5. Carol Corrado & Charles Hulten & Daniel Sichel, 2009. "Intangible Capital And U.S. Economic Growth," Review of Income and Wealth, International Association for Research in Income and Wealth, International Association for Research in Income and Wealth, vol. 55(3), pages 661-685, 09.
  6. Goodridge, PR, 2014. "Film, television & radio, books, music and art: estimating UK investment in artistic originals," Working Papers, Imperial College, London, Imperial College Business School 12918, Imperial College, London, Imperial College Business School.
  7. Timmer,Marcel P. & Inklaar,Robert & O'Mahony,Mary & Ark,Bart van, 2013. "Economic Growth in Europe," Cambridge Books, Cambridge University Press, Cambridge University Press, number 9781107412446.
  8. Dale Jorgenson & Mun Ho & Jon Samuels & Kevin Stiroh, 2007. "Industry Origins of the American Productivity Resurgence," Economic Systems Research, Taylor & Francis Journals, Taylor & Francis Journals, vol. 19(3), pages 229-252.
  9. Gary S. Becker, 1962. "Investment in Human Capital: A Theoretical Analysis," Journal of Political Economy, University of Chicago Press, University of Chicago Press, vol. 70, pages 9.
  10. Susanto Basu & John G. Fernald & Nicholas Oulton & Sylaja Srinivasan, 2004. "The Case of the Missing Productivity Growth, or Does Information Technology Explain Why Productivity Accelerated in the United States But Not in the United Kingdom?," NBER Chapters, in: NBER Macroeconomics Annual 2003, Volume 18, pages 9-82 National Bureau of Economic Research, Inc.
  11. Hulten, Charles R, 1978. "Growth Accounting with Intermediate Inputs," Review of Economic Studies, Wiley Blackwell, Wiley Blackwell, vol. 45(3), pages 511-18, October.
  12. Erik Brynjolfsson & Lorin M. Hitt, 2000. "Beyond Computation: Information Technology, Organizational Transformation and Business Performance," Journal of Economic Perspectives, American Economic Association, American Economic Association, vol. 14(4), pages 23-48, Fall.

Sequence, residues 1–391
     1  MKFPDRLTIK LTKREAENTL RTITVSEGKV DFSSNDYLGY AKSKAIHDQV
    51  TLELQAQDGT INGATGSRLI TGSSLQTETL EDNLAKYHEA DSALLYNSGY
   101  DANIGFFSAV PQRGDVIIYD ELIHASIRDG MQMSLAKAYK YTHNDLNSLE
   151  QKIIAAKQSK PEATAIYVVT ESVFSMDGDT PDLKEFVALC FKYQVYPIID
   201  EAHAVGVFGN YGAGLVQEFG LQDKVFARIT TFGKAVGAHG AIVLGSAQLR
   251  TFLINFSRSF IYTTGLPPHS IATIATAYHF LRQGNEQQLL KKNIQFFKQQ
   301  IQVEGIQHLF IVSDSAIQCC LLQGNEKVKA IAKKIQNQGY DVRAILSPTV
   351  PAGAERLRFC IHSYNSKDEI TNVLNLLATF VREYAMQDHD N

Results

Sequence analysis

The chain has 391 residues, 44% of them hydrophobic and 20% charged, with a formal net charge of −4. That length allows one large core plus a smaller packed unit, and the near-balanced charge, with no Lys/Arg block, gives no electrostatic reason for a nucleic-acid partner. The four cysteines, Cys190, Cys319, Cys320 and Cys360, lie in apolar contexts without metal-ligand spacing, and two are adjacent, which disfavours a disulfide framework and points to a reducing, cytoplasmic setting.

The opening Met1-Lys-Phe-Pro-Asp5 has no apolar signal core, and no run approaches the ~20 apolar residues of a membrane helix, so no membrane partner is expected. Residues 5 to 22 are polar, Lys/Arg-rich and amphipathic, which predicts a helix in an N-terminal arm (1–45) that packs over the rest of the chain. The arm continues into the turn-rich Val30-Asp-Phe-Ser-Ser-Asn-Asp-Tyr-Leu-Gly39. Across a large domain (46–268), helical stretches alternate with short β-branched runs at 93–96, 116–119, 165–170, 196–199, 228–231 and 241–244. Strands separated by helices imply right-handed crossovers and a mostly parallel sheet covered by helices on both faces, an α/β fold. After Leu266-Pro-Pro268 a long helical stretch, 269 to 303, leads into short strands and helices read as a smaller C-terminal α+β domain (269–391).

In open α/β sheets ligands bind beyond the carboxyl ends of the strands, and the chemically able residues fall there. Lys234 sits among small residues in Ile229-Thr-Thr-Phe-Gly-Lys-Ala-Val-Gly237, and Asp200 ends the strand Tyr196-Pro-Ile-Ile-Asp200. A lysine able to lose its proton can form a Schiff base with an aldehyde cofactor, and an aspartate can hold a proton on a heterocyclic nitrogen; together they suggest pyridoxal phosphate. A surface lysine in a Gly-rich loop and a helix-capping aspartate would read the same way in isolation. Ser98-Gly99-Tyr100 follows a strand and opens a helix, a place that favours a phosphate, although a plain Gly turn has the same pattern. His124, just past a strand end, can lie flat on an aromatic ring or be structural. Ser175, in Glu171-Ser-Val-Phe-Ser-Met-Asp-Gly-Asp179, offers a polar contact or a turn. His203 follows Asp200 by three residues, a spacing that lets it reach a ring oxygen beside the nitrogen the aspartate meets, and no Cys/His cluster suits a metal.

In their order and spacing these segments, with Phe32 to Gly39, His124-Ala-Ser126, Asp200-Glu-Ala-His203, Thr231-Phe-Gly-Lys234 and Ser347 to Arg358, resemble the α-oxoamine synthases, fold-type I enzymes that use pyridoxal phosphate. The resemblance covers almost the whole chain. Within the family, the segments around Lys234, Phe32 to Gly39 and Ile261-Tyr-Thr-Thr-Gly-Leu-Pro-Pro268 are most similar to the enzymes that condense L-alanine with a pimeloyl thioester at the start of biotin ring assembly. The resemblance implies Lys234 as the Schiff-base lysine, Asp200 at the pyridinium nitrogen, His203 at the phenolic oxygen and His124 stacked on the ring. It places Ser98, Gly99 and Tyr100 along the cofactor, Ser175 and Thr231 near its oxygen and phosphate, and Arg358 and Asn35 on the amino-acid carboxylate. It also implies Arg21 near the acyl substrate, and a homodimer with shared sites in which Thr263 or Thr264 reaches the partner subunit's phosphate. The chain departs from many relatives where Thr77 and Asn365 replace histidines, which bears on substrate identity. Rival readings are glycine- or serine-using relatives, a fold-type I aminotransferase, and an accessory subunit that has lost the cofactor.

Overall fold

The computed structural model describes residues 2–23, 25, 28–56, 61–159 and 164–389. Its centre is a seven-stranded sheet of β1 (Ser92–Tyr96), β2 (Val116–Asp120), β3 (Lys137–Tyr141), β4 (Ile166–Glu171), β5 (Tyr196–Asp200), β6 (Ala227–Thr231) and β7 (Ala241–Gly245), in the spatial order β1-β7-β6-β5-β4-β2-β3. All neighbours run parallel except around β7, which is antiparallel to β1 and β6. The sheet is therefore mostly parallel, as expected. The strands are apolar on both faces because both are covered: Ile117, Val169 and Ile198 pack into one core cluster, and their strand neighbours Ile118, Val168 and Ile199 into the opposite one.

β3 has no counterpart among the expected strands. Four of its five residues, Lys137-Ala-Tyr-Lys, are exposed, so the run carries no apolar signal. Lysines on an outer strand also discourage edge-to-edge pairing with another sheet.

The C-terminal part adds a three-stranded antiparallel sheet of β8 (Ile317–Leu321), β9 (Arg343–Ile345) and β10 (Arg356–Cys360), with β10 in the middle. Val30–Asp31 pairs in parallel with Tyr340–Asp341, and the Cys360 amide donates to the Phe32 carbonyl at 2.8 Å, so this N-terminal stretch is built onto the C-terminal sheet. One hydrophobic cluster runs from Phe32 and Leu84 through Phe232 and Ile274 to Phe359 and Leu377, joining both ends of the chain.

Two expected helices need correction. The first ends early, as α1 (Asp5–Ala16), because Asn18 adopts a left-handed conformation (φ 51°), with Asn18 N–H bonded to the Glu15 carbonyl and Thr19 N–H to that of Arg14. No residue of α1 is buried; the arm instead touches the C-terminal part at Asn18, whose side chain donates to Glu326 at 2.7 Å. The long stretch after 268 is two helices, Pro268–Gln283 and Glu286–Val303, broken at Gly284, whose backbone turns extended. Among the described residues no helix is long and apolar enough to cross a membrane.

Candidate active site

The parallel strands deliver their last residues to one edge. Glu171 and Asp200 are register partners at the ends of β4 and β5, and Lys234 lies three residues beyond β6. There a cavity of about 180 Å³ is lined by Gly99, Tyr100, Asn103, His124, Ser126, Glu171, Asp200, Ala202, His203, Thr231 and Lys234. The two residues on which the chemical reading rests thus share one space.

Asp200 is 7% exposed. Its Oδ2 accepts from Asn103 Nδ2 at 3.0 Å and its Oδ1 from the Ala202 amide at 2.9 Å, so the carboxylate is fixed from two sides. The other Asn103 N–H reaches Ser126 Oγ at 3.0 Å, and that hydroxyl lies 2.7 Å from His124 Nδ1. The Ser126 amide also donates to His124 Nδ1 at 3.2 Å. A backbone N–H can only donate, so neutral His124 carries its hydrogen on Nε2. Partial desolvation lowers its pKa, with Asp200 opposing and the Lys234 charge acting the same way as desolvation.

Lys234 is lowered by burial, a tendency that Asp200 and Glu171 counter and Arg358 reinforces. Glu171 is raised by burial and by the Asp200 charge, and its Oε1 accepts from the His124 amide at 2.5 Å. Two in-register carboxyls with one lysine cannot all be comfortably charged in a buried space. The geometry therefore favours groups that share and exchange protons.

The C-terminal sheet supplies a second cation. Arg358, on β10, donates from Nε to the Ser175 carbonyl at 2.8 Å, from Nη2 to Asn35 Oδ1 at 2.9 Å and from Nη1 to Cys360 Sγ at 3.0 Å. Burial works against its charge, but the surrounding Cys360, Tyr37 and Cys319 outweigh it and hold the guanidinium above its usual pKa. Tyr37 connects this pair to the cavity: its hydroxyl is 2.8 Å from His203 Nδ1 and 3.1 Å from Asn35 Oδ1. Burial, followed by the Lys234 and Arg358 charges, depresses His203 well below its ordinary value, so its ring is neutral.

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Cited by:
  1. Dan Corry & Anna Valero & John Van Reenen, 2011. "UK economic performance since 1997: growth, productivity and jobs," LSE Research Online Documents on Economics, London School of Economics and Political Science, LSE Library 47521, London School of Economics and Political Science, LSE Library.
  2. Millard, Stephen & Nicolae, Anamaria, 2014. "The effect of the financial crisis on TFP growth: a general equilibrium approach," Bank of England working papers, Bank of England 502, Bank of England.
  3. Goodridge, PR, 2014. "Film, television & radio, books, music and art: estimating UK investment in artistic originals," Working Papers, Imperial College, London, Imperial College Business School 12918, Imperial College, London, Imperial College Business School.
  4. Rammer, Christian & Köhler, Christian, 2012. "Innovationen, Anlageinvestitionen und immaterielle Investitionen," ZEW Discussion Papers, ZEW - Zentrum für Europäische Wirtschaftsforschung / Center for European Economic Research 12-085, ZEW - Zentrum für Europäische Wirtschaftsforschung / Center for European Economic Research.